As a city that has been at the forefront of civil rights activities for decades, Nashvillians will come out today for a variety of events to both celebrate the life and honor the achievements of Dr. Martin Luther King Jr.
One of the key celebrations is the annual citywide march down Jefferson Street to Tennessee State University where a convocation will be held at noon to celebrate the life and legacy of King.
The MLK March to convocation will leave Jefferson Street Missionary Baptist Church at 11:30 a.m. this morning and march to TSU Gentry Center where the Rev. Kelly Miller Smith Jr., whose father was a civil right leader, will serve as the keynote speaker.
Additional groups will join the march at the following locations: Clark Memorial United Methodist Church, 1014 14th Ave. N.; First Baptist Church East Nashville, 601 Main St.; Greater Bethel AME Church, 1300 South St.; Lee Chapel AME Church, 1732 Scovel St.; Pearl-Cohn Magnet High School, 904 26th Ave. N.; Ted Rhodes Golf Course, 1901 Ed Temple Blvd.; Mount Ararat Missionary Baptist Church, 36 Fairfield Ave.; and Mt. Zion Baptist Church, 1112 Jefferson St.
Since 1994, when Congress initiated the King Day of Service, the federal holiday has been transformed from not just a day of remembrance but to a national day of community service. It was the hope that this would help use Martin Luther King Jr.’s teachings of nonviolence and social justice to make a positive impact on the community.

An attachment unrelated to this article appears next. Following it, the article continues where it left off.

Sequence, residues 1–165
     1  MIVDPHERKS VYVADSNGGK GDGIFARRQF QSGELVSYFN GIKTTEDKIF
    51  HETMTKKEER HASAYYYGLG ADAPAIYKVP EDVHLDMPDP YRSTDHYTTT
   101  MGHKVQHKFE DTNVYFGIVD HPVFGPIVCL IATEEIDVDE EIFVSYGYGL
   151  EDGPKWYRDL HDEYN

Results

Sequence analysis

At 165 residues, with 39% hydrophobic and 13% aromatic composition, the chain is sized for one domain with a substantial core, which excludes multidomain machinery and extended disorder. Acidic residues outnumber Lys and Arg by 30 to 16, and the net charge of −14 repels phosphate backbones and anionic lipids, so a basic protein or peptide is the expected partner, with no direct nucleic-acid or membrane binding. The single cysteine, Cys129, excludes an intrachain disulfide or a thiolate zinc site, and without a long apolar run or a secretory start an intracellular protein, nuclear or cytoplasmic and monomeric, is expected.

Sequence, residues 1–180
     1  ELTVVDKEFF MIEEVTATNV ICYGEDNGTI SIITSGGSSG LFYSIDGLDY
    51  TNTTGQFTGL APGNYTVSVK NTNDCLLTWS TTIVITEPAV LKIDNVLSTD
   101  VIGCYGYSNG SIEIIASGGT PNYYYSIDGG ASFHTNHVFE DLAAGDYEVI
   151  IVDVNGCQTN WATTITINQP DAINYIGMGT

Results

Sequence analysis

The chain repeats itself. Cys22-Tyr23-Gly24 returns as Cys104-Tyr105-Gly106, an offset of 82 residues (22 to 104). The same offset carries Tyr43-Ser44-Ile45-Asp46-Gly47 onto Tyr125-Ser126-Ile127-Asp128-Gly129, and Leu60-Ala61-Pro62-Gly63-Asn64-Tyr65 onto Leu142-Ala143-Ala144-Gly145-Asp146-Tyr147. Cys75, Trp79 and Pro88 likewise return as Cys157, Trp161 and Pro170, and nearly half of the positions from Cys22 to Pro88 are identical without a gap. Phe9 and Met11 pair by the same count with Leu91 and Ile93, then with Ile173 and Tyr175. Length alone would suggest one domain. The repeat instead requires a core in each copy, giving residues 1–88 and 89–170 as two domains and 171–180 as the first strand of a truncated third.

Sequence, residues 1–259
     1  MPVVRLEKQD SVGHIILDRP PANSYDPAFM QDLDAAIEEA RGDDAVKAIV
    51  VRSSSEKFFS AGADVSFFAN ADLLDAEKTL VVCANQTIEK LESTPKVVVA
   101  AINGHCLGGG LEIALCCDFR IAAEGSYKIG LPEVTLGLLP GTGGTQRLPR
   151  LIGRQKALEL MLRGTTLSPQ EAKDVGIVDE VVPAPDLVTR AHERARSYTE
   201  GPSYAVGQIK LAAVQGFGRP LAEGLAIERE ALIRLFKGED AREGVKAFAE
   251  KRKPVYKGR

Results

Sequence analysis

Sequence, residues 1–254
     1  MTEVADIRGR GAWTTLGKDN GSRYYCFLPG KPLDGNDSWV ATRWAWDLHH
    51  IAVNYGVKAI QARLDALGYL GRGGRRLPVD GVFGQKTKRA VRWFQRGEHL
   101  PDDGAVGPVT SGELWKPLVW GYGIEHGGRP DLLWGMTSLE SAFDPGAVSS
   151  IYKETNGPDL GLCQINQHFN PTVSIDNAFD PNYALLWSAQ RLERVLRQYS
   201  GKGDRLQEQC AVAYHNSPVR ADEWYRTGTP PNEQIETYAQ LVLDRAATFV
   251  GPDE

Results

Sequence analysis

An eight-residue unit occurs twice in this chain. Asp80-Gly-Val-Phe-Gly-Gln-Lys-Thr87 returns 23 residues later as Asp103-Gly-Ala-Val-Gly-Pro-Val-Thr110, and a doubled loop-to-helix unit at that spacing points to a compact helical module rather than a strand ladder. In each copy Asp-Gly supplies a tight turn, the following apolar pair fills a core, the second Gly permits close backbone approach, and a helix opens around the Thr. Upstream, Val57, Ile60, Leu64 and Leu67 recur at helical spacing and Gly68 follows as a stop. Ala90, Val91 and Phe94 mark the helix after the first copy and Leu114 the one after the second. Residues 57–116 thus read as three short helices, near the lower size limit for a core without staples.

Hands On Nashville will hold MLK Day volunteer projects across the city including “Art to the Rescue,” an art service project at the Nashville Rescue Mission.
Mayor Karl Dean with join more than 80 Hands On Nashville volunteers to help paint four inspirational murals on the walls of the homeless facility. Artist Anthony Billups, who created the murals, will also be on hand for the celebration.
Other Hands On Nashville projects will help Second Harvest Food Bank, Thriftsmart and Hope Lodge.
U.S. Sen. Bob Corker (R-Tenn.) encouraged not just Tennesseans, but all Americans to come together and be a “beacon to the world and carry on Dr. King’s tireless mission.”
“It is appropriate that the federal holiday honoring the life and legacy of Dr. Martin Luther King, Jr., has become a day of service. Dr. King sought not only to create racial equality but also to relieve injustice and to provide hope for those who were hurting,” said Corker. “This year as we remember the life of Dr. King, I think of the many Americans who are in Haiti providing service to our neighbors who are in such tremendous need.
U.S. Sen. Lamar Alexander (R-Tenn.) is attending the ninth annual breakfast celebration of the memory of Dr. Martin Luther King Jr. at 8 a.m. this morning at Sambuca Restaurant, 601 12th Avenue South. Civil rights activist Ernest Rip Patton will deliver the keynote address at the breakfast.
“I think of our country as a work in progress toward great goals,” Alexander said. “Dr. King’s birthday reminds me of the hot August day in 1963 when I stood at the back of a huge crowd on the Washington Mall listening to Dr. King speak of his dream that one day his children would not be judged ‘by the color of their skin, but by the content of their character.’ His birthday reminds us that, while we still have much progress to make, we have also made remarkable progress since that day.”